1. Seeing this Church has received into her ministerial communion, as above, such persons as Christ Ambassadors, who, (1.) Either never had a commission from him in his orderly and appointed way, but assumed it, or got it from them that had none to give; as the Prelatic Curates, ordained by the Prelates, who run unsent, Jer. 23.21,22, so could not preach, Rom. 10.15, being strangers, whom the sheep could not hear; John 10.5. Or, (2.) Such as had wholly subjected their commission to the disposal of strange lords; as did such Old Presbyters as conformed to Prelacy, and others that submitted by the Act of Glasgow to their deposition, neglecting to avouch plainly their ministerial exercise, preaching privately sometimes, doing and suffering violence to be done to the law of their Master; condemned, Zeph. 3.4. Or, (3.) Such as had changed the holding of their commission, by taking a new grant from the usurper of Christ’s prerogatives, with such instructions as were dishonorable to him, and destructive to the privileges of his kingdom; such as the Indulged and their Brethren, the Connived at and Tolerated Clergy, without any convincing evidences of repentance, or just and faithful testimony against this leaven, which seems to have sadly leavened the whole mass, few excepted: I say, the Church being compounded of these different qualities and ingredients, the same solid arguments that were employed against hearing, or joining with all or any of these foresaid distinctions, do as forcibly militate against communion with this Church. {17}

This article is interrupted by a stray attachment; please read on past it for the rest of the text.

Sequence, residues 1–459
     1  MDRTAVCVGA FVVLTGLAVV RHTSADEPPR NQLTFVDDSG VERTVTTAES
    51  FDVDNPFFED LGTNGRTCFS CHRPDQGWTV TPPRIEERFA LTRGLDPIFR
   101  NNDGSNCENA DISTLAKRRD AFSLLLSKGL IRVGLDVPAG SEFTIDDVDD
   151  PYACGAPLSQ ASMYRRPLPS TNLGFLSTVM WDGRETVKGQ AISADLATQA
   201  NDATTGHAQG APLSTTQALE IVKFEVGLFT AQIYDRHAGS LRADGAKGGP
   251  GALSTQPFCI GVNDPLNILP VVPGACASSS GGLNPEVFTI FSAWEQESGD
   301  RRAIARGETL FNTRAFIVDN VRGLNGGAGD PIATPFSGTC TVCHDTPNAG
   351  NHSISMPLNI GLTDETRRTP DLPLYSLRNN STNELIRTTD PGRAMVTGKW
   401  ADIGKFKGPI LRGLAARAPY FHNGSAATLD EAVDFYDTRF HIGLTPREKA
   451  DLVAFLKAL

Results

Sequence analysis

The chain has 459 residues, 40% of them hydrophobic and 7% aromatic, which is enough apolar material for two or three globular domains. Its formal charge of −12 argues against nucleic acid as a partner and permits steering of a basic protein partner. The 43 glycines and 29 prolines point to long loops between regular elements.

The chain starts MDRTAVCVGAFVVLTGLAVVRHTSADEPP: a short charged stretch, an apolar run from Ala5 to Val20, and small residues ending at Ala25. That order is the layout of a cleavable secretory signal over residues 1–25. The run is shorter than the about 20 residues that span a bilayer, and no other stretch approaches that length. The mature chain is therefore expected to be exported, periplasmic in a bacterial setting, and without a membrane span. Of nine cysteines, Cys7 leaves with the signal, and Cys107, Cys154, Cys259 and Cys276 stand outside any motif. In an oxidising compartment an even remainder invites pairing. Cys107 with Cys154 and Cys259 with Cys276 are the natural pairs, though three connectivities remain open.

2. When a Church neglects to prosecute, perverts, or corrupts her commission, either by preaching false doctrine, or formally binds up her own hands by sinful oaths, from following and pursuing her undoubted sworn unto duty, practically condemning the generation of the righteous, perverting people from the right ways of the Lord, as once attained, maintained, and practiced in this land; denying declining, and disowning duty; yea, approving ways prejudicial to duty, leading into snares, defending and pleading for defection, as is the case with reference to this Church, as above instructed. Hence what is duty seems abundantly clear, from the known records, viz. people must not follow "a multitude to do evil, nor hear the instruction that causeth to err from the words of knowledge;" Exod. 23.2, Prov. 19.27; nor such leaders as cause the people to err; Isa. 9.16; Ezek. 22.28.